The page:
Thursday, August 25, 2011

CAN YOU BE ARRESTED FOR VIDEOTAPING THIS?

Consider this scenario: You stumble upon a situation on the street in which you see what appears to be someone being harassed by the police. The subject of the harassment is in compliance with the police officers’ orders, but he or she is still being physically and/or verbally tormented. You know there is not much you can do to intervene, but it occurs to you that you can use your own smart phone to videotape the scene, so you do. Are you within your legal rights to do so? Is there any difference between videotaping police business in public, and videotaping anything else in public?

The answer to those questions appears fuzzy at this time. Just ask Emily good, a 28-year-old Rochester, NY woman who was arrested earlier this summer for videotaping police conducting a traffic stop in front of her house. She used her video camera while standing in her own front yard. She was charged with a misdemeanor for “obstructing governmental administration.” In truth, she was not obstructing anything. Obstruct means to prevent or hinder. She did neither. The charges were later dismissed. Watch what happened:


If Good’s experience were an isolated incident, perhaps we could chalk it up to just one cop exerting power over one citizen in an inappropriate fashion. But it is not isolated. It seems to be happening rather routinely coast to coast. Last year, Hartford County, MD resident Anthony Graber operated his motorcycle on the interstate highway at a high speed. He was pulled over for speeding by a man who identified himself as a state police officer. The officer was not in uniform and was driving an unmarked car. He approached Graber inexplicably holding a gun in his right hand. Graber was wearing a helmet with a camera in it and caught the incident on tape. When he posted the tape online a few days later, he was arrested for a felony charge of violating the state’s wiretapping law. Graber was jailed for 26 hours, not for speeding, but for videotaping the officer. The charges were later dismissed. Here is a report from CBS affiliate WJZ:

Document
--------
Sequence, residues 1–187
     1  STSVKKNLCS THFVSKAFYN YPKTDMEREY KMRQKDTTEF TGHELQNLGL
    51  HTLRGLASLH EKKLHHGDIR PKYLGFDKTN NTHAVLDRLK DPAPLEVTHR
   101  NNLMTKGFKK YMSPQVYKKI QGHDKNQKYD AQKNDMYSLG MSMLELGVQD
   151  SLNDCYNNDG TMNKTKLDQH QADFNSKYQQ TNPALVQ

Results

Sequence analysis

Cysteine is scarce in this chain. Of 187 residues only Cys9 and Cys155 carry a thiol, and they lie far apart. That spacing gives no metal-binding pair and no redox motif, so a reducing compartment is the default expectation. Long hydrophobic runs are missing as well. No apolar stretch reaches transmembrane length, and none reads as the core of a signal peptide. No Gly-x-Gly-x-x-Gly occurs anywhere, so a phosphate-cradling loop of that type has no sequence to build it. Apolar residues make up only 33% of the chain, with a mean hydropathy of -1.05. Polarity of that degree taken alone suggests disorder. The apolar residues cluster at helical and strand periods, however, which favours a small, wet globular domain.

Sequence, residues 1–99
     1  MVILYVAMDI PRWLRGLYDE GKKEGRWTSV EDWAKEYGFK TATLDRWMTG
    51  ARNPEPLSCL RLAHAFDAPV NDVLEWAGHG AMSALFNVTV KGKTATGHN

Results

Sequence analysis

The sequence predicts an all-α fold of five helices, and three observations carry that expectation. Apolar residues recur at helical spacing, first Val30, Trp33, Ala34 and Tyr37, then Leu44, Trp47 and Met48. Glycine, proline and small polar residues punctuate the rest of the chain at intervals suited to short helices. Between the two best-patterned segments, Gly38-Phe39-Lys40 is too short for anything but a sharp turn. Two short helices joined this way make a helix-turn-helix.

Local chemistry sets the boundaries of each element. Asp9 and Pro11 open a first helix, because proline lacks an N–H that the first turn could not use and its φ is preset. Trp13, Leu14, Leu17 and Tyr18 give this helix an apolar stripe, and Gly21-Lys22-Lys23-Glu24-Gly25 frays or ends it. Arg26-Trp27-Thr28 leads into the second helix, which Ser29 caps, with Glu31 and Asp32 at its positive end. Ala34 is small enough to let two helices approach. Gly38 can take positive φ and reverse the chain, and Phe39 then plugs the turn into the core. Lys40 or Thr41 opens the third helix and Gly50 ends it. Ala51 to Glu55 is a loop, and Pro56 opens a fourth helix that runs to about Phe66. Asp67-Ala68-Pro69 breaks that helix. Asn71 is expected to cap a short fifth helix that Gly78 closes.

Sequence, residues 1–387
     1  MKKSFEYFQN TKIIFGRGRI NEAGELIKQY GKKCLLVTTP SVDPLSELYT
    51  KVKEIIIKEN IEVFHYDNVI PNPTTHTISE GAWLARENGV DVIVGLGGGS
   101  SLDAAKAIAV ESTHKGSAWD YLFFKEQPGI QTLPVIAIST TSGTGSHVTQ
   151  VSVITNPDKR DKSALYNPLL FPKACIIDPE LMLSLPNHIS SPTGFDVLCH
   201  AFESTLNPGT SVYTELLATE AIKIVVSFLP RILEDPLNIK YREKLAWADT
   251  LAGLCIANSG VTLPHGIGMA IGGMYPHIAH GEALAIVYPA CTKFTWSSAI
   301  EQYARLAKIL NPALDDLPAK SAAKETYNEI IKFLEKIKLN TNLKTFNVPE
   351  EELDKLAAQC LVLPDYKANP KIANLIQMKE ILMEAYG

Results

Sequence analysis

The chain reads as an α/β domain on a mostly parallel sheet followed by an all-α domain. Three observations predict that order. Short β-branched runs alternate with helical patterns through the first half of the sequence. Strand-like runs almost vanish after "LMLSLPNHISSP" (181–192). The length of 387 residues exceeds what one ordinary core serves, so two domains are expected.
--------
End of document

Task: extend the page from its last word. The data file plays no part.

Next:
If you still question how common these types of arrests are, go to YouTube and put in the search term, “Arrested for videotaping police.” You may be surprised. These incidents beg the question: Does the Constitution protect your right to use cameras or video equipment as you see fit? Many argue the First Amendment protects us in that regard. Does the law vary from state to state or is there federal blanket protection of your rights? In the Maryland incident, Graber was arrested for wiretapping. Wiretapping is by its very nature a clandestine procedure. One does not allow the subject of a wiretap to know he or she is being listened to. Graber’s helmet camera was visible. Nothing was being hidden from the officer. That may have contributed to the charges being dropped.

And what about all the possible variables? What if you are filming your kids in the park, and in the background your camera picks up a cop physically assaulting someone? If your intention was to simply video your kids, but you later take the tape to law enforcement to report the cop’s illegal behavior, are you guilty of something? And what about a law enforcement officer’s illegal activity directed at you? If a cop asks or insists that you do something that is clearly illegal, strictly for his or her own gain or pleasure, and you tape it without the cop’s knowledge, have you somehow violated the law?

And it is not just law enforcement that is pushing the limits of your freedoms. Consider the town hall meeting that was held in Cincinnati this week. Congressman Steve Chabot (R-OH) issued a directive that attendees could not videotape any of the proceedings. Two television stations, however, were allowed to tape the whole meeting. When questioned by attendees who wanted to videotape the town hall, Chabot’s spokesperson said cameras were not allowed to “protect the privacy of constituents.” Watch what happened when two attendees (who were not together) each objected to having their cameras confiscated by a police officer charged with enforcing Chabot’s directive: